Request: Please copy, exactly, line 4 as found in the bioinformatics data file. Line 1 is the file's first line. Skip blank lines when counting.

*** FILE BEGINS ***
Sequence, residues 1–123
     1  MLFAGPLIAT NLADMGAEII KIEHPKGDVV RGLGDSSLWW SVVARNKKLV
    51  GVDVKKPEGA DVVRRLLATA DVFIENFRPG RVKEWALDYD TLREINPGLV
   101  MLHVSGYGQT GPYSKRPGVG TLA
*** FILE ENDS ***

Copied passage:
   101  MLHVSGYGQT GPYSKRPGVG TLA